A scholar watched a novelist write a best-seller, and then wrote a book about it
Martin contacted Child and asked whether he could observe the entire writing process for the 20th Reacher novel, Make Me. Amazingly, Child said yes.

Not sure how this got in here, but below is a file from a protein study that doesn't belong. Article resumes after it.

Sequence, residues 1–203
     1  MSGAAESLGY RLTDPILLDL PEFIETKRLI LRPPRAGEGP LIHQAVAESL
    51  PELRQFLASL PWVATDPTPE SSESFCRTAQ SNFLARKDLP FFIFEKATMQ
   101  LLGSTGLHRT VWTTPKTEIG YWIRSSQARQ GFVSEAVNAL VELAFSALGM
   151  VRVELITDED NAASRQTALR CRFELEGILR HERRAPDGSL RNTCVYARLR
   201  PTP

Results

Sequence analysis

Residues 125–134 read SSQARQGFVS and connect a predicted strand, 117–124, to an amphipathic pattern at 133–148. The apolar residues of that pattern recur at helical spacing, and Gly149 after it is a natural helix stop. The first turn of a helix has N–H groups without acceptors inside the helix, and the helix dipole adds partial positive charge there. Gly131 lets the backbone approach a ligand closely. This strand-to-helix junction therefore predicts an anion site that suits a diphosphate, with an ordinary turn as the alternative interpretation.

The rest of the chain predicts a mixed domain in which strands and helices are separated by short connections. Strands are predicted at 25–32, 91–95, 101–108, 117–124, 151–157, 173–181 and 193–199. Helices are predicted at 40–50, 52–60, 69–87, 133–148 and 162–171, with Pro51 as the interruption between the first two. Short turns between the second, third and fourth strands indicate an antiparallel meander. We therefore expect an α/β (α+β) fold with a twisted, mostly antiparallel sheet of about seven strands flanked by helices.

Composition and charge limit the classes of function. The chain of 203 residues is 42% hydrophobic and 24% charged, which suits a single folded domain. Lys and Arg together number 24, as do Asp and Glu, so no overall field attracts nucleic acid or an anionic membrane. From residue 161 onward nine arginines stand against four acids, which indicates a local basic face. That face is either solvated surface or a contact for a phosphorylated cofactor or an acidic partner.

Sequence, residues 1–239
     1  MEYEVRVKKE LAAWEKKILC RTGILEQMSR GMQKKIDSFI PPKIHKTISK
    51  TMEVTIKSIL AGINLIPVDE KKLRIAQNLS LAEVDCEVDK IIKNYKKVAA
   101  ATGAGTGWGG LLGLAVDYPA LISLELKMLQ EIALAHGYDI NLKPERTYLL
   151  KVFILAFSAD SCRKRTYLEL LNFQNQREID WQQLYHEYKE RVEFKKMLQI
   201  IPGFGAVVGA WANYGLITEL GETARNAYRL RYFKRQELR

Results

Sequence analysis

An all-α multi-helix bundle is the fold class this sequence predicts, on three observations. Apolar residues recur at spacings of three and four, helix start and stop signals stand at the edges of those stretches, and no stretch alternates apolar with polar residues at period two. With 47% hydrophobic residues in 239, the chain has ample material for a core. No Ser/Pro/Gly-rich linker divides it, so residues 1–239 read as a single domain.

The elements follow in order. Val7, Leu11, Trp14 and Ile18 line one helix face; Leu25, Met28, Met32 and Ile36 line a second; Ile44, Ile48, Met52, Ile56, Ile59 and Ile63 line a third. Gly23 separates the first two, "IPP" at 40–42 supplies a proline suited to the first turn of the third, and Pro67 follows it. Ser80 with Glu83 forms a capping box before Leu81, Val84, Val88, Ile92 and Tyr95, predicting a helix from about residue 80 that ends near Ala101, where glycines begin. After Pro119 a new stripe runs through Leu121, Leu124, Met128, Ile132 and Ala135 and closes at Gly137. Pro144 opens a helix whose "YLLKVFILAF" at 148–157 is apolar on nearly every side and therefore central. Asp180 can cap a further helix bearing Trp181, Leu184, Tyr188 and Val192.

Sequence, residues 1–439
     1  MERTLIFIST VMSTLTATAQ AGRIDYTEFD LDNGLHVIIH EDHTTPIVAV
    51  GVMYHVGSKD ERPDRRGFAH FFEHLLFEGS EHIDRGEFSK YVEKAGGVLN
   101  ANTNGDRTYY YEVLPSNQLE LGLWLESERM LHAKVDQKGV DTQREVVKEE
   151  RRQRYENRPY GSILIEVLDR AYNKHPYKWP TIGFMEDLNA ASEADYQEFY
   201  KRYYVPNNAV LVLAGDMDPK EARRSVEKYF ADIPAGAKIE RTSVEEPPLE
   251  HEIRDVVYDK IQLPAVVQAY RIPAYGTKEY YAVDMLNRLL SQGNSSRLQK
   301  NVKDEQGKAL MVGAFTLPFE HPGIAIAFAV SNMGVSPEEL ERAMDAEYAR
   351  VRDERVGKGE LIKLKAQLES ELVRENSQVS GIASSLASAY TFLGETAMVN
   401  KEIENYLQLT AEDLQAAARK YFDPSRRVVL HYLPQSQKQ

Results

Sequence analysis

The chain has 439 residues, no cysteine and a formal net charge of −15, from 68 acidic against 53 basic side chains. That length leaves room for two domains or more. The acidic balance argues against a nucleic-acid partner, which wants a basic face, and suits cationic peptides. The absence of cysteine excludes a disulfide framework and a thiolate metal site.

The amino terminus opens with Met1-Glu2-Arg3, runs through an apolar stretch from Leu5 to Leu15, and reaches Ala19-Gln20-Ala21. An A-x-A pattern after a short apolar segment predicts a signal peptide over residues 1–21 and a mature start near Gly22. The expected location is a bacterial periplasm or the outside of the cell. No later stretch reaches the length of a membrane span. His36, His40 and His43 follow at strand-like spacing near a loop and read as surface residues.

‘So far I have no title, no real plot…. I don’t have a clue about what is going to happen,’ Child tells Martin on the first day. This, for most novelists, would be a startling admission, especially in crime fiction where plotting is paramount. Martin perches on a couch as Child sits down, lights a cigarette, and begins to write. By the end of the day, Child has smoked 26 Camels, drunk 19 cups of coffee (‘I’m writing on the verge of a stroke,’ he quips) and written 2,000 words. It’s fascinating to watch the process of writing unfolding in real time — the hours Child spends agonising over a particular word choice, the weighing up between different types of POV, the slow accretion of plot and forward momentum. [link]